Millions of Roman Catholic devotees paraded with a black Christ statue through the Philippine capital under a massive police cordon after the president warned that militants might target the raucous annual procession.
Filipinos turn out in millions at Black Nazarene parade in Manila
MANILA // Millions of Roman Catholic devotees paraded with a black Christ statue through the Philippine capital under a massive police cordon after the president warned that militants might target the raucous annual procession.
The government did not have specific intelligence on a militant plot. Still, about 15,000 policemen, backed by hundreds of army troops, secured the five-kilometre procession route for the charred wooden Black Nazarene statue from the seaside Rizal Park to a popular church in Manila's congested Quiapo district.
Air force helicopters stood by and cell phone service was blocked in procession areas to prevent their use to trigger bombs. Despite the president's warning, huge crowds of devotees wearing maroon shirts turned out to be near the statue - believed to have healing powers.
"It's a choice between faith and fear," said Rodolfo Uy, 45, a polio victim whose 12-year-old son pushed him on a wheelchair to see the Black Nazarene. "I got nervous last night when I heard the news but my devotion was stronger."
Mr Uy said he prayed for metal braces so he could walk and work again for his children.
President Benigno Aquino III announced in a hastily called news conference Sunday that several militants had been reported in the capital with plans to disrupt the procession, but that the threat was not high enough to cancel the procession and that police would work to keep it safe.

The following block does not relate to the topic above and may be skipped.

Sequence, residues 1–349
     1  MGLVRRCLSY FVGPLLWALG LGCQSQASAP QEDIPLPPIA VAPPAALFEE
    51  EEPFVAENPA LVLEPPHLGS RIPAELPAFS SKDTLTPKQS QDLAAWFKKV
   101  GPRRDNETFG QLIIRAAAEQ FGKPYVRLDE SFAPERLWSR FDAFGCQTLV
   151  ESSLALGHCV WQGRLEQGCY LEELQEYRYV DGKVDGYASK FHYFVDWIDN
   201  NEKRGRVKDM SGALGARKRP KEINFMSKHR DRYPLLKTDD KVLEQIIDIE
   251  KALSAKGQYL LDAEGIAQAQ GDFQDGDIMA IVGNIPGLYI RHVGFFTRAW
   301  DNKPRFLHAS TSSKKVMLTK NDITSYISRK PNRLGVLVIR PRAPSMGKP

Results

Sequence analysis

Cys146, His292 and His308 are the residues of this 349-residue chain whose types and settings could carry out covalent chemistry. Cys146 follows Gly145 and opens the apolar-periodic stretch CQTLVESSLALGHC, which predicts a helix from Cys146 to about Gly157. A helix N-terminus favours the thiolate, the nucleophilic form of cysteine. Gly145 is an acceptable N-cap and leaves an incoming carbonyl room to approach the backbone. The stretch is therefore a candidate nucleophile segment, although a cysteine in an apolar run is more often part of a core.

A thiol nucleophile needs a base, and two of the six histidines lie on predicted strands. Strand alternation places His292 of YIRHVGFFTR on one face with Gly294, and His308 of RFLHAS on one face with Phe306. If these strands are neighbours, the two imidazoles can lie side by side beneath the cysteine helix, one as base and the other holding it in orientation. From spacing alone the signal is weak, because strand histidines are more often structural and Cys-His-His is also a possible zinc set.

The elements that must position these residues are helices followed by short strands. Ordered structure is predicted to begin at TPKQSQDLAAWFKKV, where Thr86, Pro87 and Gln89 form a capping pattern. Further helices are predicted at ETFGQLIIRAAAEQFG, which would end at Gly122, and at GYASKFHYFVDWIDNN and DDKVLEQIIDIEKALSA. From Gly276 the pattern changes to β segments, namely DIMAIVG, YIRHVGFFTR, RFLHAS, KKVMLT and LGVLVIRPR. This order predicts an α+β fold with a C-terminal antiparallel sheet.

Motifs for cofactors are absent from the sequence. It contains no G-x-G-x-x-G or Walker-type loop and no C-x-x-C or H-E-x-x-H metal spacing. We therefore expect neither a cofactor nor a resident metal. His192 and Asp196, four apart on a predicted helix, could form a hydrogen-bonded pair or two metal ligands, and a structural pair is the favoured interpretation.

Defence Secretary Voltaire Gazmin said the threat, involving possible bombings by two groups of Muslim militants from the country's volatile south, prompted police to raid several suspected terrorist hideouts in the Manila area, but without any results.
Mr Gazmin defended Mr Aquino's decision to announce the threat himself on the eve of the procession despite the absence of a specific threat, saying it underscored the president's concern for public safety and ratcheted massive security preparations.
Mr Aquino's warning sparked one of the most elaborate security deployments for an event in the capital in recent years, but Mr Gazmin dismissed criticisms of a security overkill.
"It's OK if it can be described as overreacting," Mr Gazmin said. "But at least we won't be sorry."
The event got under way with a morning Mass by Manila's Archbishop Luis Antonio Tagle at Rizal Park that was attended by about three million mostly barefoot devotees. The crowd was expected to swell up to nine million later in the day, police said.
After the Mass, where prayers were offered for victims of recent deadly floods, organisers brought the life-size Black Nazarene statue down from a stage to a carriage for a procession that was expected to last well into the night.
Aside from hundreds of army troops, the military said it deployed 19 teams of explosive experts, 33 units with bomb-sniffing dogs, crowd-control squads and ambulance vans. It put a 500-member rapid reaction force and three helicopters on standby.
There were suspicions that the would-be attackers may have come from two radical Muslim groups, including the Al Qaeda-linked Abu Sayyaf, which is on a US list of terrorist organisations for deadly bombings, kidnappings and beheadings.
The wooden statue of Christ, crowned with thorns and bearing a cross, is believed to have been brought from Mexico to Manila in 1606 by Spanish missionaries. The ship that carried it caught fire, but the charred statue survived and was named the Black Nazarene.
The Philippines is Asia's largest predominantly Roman Catholic nation.